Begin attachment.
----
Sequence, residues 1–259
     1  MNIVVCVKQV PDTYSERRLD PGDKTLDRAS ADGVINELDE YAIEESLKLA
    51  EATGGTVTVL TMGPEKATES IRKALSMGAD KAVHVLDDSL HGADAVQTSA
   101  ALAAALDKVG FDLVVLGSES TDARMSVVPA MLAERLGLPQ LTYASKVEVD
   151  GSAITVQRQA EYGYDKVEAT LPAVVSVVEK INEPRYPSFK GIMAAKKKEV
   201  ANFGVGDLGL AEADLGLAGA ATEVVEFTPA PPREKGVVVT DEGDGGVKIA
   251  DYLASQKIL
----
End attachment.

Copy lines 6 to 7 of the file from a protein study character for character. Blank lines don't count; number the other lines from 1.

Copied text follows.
   201  ANFGVGDLGL AEADLGLAGA ATEVVEFTPA PPREKGVVVT DEGDGGVKIA
   251  DYLASQKIL